Five children are among those brought ashore in Dover after crossing from France, despite the dangers involved in crossing the English Channel.
Four toddlers wrapped in hooded jackets and a baby being carried in an adult’s arms were seen arriving at the Kent port.
Crossings of the perilous Dover Strait in small boats resumed on Sunday for the first time in more than two weeks, following a spate of poor conditions in the Channel.
A child’s cries were heard as they were helped ashore from a Border Force boat by immigration officials.
They were led up a gangway by staff and taken to the Home Office facility on the quayside.
Across the water, French authorities rescued a four-year-old child among 23 people on board an inflatable boat that had got into difficulty after suffering engine damage.
The latest crossings – believed to be the first arrivals since August 21 – come despite the dangers posed by crossing the Channel in small boats, a route that has claimed several lives.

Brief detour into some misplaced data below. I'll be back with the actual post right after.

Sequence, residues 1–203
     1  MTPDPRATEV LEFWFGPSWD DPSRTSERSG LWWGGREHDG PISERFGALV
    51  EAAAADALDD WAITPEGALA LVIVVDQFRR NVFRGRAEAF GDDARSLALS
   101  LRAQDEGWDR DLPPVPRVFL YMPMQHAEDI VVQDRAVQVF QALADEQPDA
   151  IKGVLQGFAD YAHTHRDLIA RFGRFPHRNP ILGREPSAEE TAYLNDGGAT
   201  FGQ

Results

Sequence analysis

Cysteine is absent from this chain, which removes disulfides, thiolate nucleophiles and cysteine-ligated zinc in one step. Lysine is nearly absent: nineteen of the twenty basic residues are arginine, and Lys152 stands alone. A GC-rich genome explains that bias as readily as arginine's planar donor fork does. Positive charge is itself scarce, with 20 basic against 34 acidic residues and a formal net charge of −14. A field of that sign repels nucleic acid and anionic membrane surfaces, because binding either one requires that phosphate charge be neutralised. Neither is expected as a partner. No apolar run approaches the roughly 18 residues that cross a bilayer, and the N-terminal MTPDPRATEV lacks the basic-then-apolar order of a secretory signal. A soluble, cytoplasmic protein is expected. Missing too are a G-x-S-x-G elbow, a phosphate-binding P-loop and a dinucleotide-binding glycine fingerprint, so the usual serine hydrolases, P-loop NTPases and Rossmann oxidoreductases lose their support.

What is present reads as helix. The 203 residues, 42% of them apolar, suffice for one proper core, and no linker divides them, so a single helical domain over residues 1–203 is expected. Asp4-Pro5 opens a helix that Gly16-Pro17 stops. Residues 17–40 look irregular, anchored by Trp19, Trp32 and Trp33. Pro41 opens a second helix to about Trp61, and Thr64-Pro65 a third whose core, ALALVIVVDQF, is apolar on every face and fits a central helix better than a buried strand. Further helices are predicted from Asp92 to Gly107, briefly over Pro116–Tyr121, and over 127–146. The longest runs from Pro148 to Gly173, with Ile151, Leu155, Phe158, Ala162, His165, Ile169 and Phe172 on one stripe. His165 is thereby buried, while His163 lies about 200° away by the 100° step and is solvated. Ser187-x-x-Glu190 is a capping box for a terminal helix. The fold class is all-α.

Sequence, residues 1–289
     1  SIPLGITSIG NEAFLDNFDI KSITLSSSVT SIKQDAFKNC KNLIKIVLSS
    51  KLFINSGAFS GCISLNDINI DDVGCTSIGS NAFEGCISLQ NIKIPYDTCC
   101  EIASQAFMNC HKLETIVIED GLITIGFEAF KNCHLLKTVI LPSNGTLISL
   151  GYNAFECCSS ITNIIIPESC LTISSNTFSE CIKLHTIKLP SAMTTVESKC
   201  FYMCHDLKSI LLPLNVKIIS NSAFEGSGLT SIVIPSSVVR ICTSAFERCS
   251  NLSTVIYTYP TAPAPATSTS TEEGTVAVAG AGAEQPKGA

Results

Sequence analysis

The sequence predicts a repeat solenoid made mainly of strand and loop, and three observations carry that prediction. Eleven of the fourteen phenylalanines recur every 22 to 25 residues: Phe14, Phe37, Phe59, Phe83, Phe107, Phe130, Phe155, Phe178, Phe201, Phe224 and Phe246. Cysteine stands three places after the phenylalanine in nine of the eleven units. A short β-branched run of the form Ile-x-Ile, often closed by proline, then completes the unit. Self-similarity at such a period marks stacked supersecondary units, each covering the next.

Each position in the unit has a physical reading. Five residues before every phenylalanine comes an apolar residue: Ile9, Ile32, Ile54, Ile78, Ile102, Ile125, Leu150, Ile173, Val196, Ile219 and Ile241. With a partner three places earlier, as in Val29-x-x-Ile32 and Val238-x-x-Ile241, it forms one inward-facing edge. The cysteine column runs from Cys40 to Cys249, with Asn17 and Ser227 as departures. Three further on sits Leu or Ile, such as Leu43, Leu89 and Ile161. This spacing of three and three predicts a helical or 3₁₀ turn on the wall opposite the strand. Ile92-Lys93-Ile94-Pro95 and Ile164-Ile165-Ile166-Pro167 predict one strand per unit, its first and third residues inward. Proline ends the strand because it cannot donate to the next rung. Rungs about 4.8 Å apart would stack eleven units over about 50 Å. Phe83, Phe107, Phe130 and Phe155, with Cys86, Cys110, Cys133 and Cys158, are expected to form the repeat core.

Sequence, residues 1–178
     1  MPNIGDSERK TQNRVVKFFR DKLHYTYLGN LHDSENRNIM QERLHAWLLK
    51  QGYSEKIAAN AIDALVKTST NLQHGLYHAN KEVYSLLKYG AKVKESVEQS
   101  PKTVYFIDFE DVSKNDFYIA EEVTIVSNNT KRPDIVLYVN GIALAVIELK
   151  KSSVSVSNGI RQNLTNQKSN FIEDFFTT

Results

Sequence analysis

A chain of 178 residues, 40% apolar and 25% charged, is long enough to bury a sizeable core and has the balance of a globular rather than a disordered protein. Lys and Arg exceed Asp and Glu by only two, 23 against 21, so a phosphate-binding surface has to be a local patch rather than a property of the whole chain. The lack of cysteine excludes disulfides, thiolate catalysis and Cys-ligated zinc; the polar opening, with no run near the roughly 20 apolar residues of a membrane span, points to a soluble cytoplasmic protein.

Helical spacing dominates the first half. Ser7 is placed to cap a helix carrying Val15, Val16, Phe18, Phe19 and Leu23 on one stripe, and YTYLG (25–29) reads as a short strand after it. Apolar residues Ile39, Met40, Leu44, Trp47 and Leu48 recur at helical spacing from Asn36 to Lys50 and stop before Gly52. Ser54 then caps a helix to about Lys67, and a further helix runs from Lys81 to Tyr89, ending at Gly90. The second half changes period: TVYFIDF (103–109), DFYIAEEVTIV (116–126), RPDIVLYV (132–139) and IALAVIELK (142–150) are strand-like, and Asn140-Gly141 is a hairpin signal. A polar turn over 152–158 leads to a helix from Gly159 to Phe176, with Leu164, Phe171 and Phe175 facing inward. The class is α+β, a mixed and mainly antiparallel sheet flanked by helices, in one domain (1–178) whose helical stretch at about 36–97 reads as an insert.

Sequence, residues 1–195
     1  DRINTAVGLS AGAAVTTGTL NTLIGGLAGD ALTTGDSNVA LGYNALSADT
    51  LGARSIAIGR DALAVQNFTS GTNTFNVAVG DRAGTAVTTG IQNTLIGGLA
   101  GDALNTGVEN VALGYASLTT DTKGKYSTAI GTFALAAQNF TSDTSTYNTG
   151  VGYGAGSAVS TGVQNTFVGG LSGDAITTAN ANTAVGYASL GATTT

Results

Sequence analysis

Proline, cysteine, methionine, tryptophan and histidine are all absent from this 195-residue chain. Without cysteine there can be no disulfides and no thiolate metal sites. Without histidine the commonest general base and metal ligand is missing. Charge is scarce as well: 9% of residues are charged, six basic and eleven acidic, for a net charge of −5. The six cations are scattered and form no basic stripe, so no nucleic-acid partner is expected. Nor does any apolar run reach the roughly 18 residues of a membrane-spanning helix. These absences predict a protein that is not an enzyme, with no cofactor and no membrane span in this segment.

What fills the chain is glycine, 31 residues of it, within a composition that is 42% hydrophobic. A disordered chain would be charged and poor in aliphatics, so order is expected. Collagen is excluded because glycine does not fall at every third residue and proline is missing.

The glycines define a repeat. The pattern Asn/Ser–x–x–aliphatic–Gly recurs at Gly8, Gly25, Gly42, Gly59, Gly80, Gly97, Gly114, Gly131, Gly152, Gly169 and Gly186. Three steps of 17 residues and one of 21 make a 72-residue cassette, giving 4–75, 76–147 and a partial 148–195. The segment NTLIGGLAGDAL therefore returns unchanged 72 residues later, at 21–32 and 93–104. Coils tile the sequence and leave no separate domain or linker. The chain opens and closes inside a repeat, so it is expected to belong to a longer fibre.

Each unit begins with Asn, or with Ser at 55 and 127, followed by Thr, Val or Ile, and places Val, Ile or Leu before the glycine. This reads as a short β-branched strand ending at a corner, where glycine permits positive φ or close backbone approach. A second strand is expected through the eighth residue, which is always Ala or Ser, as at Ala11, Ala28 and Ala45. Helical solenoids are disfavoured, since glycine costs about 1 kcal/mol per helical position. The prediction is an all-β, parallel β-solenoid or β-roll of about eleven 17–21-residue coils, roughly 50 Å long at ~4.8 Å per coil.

The Home Office has repeatedly vowed to make the journey “unviable” but the number of crossings has continued to rise.
More than 12,400 people have now taken the perilous trip to the UK this year, data compiled by the PA news agency shows.
Crossings in 2021 have already eclipsed last year’s annual total of 8,417 and that tally continues to rise on fair weather days.
Despite this, the UK continues to see far fewer boat arrivals and asylum claims than many of its European counterparts.
At least 65,984 people have arrived in Europe via the Mediterranean by land and sea so far this year, according to data from the United Nations High Commissioner for Refugees.
Also, despite the sharp rise in small boats arrivals on the south coast, asylum applications in the UK fell in 2020 to 29,456.
This was significantly lower than the 93,475 asylum applications made in France and the 121,955 made in Germany.
Like many routes taken by migrants seeking asylum, the journeys of some people trying to cross the English Channel in small boats have ended in tragedy.
Since the beginning of 2019, more than a dozen people have died or gone missing.
Last month, a 27-year-old man from Eritrea died after he and four others jumped overboard as their boat started to sink in the English Channel.